Dr Sally Warring tells us that studying protists could make us rethink what we know about biology, genetics, and the complexities of life on Earth.
(This article was originally posted on the Earlham Institute website on August 23rd 2020 and is reposted here with the generous permission of Sally Warring and Peter Bickerton)
Dr Sally Warring’s first few months at Earlham Institute have been a little out of the ordinary – especially after arriving in the UK from New York in the midst of an accelerating global pandemic. But for someone who studies an unusual group of organisms called protists, extraordinary is the norm.
As a postdoc in the Neil Hall Group, Dr Warring will be working on the Darwin Tree of Life project to sequence the DNA of every eukaryotic species in the British Isles. Had coronavirus not intervened, Warring would have spent the summer months traversing the country in search of novel protists – the mostly single-celled, mostly microscopic, always fascinatingly diverse creatures that science, so far, has paid scant attention to in comparison to plants and animals.
“Protists are awesome,” Warring enthuses while bubbling up a broth of nutritious wheat bran – the preferred diet of some ciliates she is culturing for an experiment. “They make up the vast majority of eukaryotic diversity, yet we have relatively few described species and even fewer genomes available.”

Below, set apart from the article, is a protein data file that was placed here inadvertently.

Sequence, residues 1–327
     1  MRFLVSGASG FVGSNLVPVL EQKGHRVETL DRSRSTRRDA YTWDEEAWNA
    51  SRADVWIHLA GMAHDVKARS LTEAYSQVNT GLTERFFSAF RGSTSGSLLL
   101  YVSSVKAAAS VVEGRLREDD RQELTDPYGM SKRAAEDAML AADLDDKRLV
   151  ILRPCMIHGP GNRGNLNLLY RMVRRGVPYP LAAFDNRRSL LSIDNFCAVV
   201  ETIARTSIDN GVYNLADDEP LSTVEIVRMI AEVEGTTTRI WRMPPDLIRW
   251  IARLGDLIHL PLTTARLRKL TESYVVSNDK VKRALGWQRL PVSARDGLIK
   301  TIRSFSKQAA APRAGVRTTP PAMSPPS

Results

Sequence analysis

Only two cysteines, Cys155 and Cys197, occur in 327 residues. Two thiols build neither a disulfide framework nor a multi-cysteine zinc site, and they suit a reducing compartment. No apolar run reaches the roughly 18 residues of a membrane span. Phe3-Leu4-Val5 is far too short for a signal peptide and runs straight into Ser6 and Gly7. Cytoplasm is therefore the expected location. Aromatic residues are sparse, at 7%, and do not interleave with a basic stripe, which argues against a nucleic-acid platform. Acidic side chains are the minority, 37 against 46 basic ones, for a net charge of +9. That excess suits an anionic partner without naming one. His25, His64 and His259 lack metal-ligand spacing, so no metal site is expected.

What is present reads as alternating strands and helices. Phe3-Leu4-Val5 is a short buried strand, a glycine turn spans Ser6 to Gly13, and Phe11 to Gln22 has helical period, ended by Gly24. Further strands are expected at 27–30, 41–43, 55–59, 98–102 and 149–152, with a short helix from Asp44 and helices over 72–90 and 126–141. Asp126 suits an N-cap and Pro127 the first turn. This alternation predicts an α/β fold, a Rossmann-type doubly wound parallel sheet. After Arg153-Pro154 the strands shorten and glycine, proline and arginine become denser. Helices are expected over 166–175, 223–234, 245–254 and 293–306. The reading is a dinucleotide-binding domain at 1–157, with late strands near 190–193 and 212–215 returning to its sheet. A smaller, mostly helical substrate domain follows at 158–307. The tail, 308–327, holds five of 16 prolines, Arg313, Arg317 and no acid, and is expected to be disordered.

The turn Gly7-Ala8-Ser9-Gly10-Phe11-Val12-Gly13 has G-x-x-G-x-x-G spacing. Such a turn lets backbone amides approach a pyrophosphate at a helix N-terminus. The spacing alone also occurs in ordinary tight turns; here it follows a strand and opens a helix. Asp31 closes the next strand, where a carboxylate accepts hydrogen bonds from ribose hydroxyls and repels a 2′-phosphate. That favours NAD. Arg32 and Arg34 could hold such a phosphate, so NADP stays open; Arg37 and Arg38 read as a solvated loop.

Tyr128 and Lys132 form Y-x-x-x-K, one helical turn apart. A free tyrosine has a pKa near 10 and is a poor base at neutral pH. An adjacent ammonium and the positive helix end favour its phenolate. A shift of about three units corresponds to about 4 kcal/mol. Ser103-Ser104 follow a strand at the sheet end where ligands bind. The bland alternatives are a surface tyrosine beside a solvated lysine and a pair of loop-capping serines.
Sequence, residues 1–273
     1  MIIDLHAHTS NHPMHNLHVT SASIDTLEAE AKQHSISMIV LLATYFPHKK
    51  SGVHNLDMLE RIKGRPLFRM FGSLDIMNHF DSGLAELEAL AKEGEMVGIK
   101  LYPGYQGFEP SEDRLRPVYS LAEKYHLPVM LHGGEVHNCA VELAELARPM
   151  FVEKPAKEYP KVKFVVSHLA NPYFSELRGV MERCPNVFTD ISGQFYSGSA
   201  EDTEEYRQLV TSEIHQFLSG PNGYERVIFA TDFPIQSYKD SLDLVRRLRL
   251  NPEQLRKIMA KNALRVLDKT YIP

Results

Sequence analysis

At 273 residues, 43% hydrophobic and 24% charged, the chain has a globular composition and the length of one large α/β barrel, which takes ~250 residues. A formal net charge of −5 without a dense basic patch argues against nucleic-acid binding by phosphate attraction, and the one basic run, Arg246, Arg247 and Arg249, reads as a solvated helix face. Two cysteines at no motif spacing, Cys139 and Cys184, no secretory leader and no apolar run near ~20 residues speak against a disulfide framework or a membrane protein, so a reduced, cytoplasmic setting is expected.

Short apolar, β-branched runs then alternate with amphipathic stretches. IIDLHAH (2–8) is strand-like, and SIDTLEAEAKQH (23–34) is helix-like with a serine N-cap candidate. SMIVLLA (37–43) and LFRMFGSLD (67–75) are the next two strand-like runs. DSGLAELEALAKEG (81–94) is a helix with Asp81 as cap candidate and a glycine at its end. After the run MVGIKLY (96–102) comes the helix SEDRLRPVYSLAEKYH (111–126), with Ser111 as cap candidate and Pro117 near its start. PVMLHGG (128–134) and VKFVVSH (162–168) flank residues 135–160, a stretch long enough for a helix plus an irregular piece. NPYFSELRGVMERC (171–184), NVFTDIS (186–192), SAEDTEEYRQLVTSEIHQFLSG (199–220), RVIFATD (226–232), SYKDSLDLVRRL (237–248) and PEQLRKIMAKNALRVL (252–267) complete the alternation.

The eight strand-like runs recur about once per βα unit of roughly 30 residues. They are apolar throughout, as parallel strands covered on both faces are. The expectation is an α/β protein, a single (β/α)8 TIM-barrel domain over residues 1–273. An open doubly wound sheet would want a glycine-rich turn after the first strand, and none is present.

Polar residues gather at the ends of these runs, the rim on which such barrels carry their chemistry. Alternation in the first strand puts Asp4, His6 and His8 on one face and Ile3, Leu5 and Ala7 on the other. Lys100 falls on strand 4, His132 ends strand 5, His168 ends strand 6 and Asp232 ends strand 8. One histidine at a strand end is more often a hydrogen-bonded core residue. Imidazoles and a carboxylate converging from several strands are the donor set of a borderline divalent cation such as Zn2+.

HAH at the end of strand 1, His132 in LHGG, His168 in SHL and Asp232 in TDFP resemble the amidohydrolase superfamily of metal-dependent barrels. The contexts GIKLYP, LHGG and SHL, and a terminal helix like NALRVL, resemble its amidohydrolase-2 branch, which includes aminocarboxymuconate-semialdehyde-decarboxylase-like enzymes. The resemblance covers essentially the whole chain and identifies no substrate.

Indeed, from the little that is already known about them, it’s clear that protists are unfairly grouped together under one title, when really they comprise vast, interlinked branches of the tree of life that dwarf the small twigs of plants, animals and fungi.
“Protists do so many different things,” explains Warring. “Some of them have really complex behaviours. They hunt, they mate, they build structures, they can live in complex communities and colonies. They provide lots in every ecosystem. They’re major primary producers, they’re degraders. Some of them are symbionts in many different ways.
“And there are millions of [species of] them – a small cup of sea water would have many and most would be undescribed. We also don’t know many of them very well. They probably do weird and wonderful things – odd ways of arranging their genomes, or doing just about anything. There’s so much diversity, we don’t know much about that diversity, and it’s all related, really, to our understanding of the evolution of life.”